Three-judge panel to probe case against CJI; Ban on milk products from China extended- Current Affairs
The three-judge panel will conduct an in-camera proceeding. It is expected to hear the complainant in person and analyze the evidence put forward by her.
Sangeeta NairApr 24, 2019 11:30 IST
Story 1-SC constitutes three-judge panel to probe case against CJI
The Supreme Court on April 23, 2019 constituted a three-judge panel headed by Justice SA Bobde, the senior-most judge in apex court after the Chief Justice of India (CJI), to inquire into the sexual harassment complaint by a former junior court assistant against CJI Ranjan Gogoi.
Besides Justice SA Bobde, the inquiry panel comprises Justice NV Ramana, the next senior most judge, and Justice Indira Banerjee, who was elevated to the Supreme Court on August 7, 2018.
• Following its constitution, the inquiry committee issued notices to the complainant and SC secretary general Sanjeev Kalgaonkar and asked them to be present during the first hearing of the complaint, which is scheduled for April 26.
• The panel would be conducting an in-camera proceeding. It is expected to hear the complainant in person and analyze the evidence put forward by her.
• The panel has asked SC secretary general Kalgaonkar to come with all records relating to the dismissed woman employee and her places of posting during her four-year employment in the apex court.
• It will then seek the version of the CJI against whom the allegation is made and then come to its conclusion. The panel can even appoint a lawyer to assist them.
• This is the first in-house inquiry on a sexual harassment complaint conducted in the Supreme Court and it is the first-ever time ever such an inquiry is being conducted against the CJI.
A special bench of the Supreme Court comprising Justices Arun Mishra, RF Nariman and Deepak Gupta had on April 23, 2019 sought a response from a lawyer, who claimed that there was a conspiracy to make CJI Gogoi resign by framing him.
The lawyer, Utsav Singh Bains claimed that even before the complainant went public, a man approached him on behalf of the complainant and offered a bribe of Rs 1.5 crore to be part of the conspiracy.
The claim supports the statement made by the CJI on April 20, when reports of the accusation surfaced. The CJI had then hinted that some "bigger forces" are trying to deactivate the CJI before hearing some important cases listed this week.
Taking the affidavit on record, the special bench issued a notice to Bains directing him to appear on April 24 with proof.
The three-judge panel was set up after a full court meeting unanimously agreed that it was necessary to clear the air after the controversy over the sexual harassment complaint.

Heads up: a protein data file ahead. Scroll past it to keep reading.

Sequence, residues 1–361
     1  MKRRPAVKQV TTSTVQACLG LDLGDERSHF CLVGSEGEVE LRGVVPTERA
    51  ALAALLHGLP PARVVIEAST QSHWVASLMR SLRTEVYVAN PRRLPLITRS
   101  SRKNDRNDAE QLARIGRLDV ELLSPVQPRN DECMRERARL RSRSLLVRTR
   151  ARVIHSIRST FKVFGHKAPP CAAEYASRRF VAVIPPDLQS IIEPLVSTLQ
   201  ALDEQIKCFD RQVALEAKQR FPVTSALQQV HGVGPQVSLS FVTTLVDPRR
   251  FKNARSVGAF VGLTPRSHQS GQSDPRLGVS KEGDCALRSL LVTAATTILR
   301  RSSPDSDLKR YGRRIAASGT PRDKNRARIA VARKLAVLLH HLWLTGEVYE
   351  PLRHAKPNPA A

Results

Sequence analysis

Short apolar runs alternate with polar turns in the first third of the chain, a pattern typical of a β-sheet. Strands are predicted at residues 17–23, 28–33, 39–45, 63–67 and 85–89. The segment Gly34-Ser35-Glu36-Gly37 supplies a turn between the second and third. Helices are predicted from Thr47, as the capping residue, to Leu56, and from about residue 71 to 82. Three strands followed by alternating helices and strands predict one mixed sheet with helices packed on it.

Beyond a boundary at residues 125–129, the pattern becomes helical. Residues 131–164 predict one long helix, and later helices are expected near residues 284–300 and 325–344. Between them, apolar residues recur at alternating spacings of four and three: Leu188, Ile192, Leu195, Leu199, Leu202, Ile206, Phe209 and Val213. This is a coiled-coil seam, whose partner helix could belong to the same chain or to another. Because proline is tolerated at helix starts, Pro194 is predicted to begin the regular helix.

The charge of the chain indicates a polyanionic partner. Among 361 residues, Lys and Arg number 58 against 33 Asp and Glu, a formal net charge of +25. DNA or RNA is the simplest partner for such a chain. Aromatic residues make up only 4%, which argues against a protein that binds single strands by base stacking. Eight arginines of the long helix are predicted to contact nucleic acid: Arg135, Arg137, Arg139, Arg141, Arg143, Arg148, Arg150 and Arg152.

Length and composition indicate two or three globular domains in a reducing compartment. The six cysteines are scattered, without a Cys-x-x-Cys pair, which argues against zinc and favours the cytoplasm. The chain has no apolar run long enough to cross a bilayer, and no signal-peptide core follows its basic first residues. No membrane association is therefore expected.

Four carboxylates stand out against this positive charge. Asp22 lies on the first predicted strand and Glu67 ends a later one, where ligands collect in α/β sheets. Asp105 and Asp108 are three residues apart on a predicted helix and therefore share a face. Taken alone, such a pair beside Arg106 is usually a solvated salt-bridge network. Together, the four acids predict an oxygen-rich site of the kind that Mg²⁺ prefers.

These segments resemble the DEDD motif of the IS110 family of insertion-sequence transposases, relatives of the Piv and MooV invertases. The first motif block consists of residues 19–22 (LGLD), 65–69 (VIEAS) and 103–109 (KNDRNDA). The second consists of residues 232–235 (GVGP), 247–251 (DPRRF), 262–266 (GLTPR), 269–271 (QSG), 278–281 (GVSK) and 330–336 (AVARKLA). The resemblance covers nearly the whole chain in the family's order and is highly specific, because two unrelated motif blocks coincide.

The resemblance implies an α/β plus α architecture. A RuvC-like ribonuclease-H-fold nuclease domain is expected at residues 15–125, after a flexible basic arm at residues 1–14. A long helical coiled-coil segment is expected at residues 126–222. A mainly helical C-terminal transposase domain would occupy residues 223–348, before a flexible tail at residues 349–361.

This will be the first time in the 69-year-old history of the Supreme Court that a sexual harassment complaint against the head of the judiciary would be inquired into by a panel of three SC judges.
The in-house inquiry procedure for judges provides for inquiry against judges of SC and HCs but not against the CJI.
The CJI had on April 20 entrusted Justice Bobde with the task of taking decisions relating to the sexual harassment complaint. Justice Bobde is next in seniority to the CJI and is scheduled to succeed him on November 18, 2019.
With the first hearing of the case scheduled for April 26, the inquiry committee is expected to complete its task before the court closes for summer vacations on May 10.
Story 2- Government extends ban on import of milk products from China
The Union Government on April 23, 2019 extended the ban on import of milk and its products, including chocolates, from China till laboratories at ports for testing the presence of toxic chemical melamine are upgraded.
The Directorate General of Foreign Trade said in a notification that the prohibition on import of milk, milk products including chocolates, chocolate products, candies, confectionary and food preparations with milk or milk solids as an ingredient from China is extended until the capacity of all laboratories at ports of entry have been suitably upgraded for testing melamine.
• The ban was imposed after apprehensions arose on the presence of melamine in some of the milk consignments from China. Melamine is a toxic chemical used for making plastics and fertilisers.
• Although India does not import milk or milk products from China, it imposed the ban as a preventive measure.
• The extension of the ban was recommended by Food regulator FSSAI until all labs at ports are modernised to test the chemical.
• However, it has not mentioned any timeline for upgradation of that capacity of all laboratories.
The ban was first imposed in September 2008 and extended subsequently from time to time. The latest ban imposed by the government ended on April 23.
India is the world's largest producer and consumer of milk. It produces around 150 million tonne milk annually.
Among the Indian states, Uttar Pradesh leads in milk production followed by Rajasthan and Gujarat.